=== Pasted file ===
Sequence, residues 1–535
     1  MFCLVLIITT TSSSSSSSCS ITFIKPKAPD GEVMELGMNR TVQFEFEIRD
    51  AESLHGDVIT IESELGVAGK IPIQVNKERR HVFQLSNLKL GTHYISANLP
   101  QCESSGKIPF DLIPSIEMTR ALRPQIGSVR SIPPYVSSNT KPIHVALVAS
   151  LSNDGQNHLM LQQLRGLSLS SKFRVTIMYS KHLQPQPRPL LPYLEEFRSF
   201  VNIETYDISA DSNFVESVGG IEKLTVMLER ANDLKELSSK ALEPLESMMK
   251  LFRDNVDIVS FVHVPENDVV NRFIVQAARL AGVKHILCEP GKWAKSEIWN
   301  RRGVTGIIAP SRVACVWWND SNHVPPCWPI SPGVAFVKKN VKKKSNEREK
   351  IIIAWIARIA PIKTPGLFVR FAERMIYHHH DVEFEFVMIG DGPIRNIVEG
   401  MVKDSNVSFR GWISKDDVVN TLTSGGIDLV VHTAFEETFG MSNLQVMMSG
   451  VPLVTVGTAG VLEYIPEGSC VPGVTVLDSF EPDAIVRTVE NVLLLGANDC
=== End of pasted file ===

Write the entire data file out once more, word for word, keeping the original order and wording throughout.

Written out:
Sequence, residues 1–535
     1  MFCLVLIITT TSSSSSSSCS ITFIKPKAPD GEVMELGMNR TVQFEFEIRD
    51  AESLHGDVIT IESELGVAGK IPIQVNKERR HVFQLSNLKL GTHYISANLP
   101  QCESSGKIPF DLIPSIEMTR ALRPQIGSVR SIPPYVSSNT KPIHVALVAS
   151  LSNDGQNHLM LQQLRGLSLS SKFRVTIMYS KHLQPQPRPL LPYLEEFRSF
   201  VNIETYDISA DSNFVESVGG IEKLTVMLER ANDLKELSSK ALEPLESMMK
   251  LFRDNVDIVS FVHVPENDVV NRFIVQAARL AGVKHILCEP GKWAKSEIWN
   301  RRGVTGIIAP SRVACVWWND SNHVPPCWPI SPGVAFVKKN VKKKSNEREK
   351  IIIAWIARIA PIKTPGLFVR FAERMIYHHH DVEFEFVMIG DGPIRNIVEG
   401  MVKDSNVSFR GWISKDDVVN TLTSGGIDLV VHTAFEETFG MSNLQVMMSG
   451  VPLVTVGTAG VLEYIPEGSC VPGVTVLDSF EPDAIVRTVE NVLLLGANDC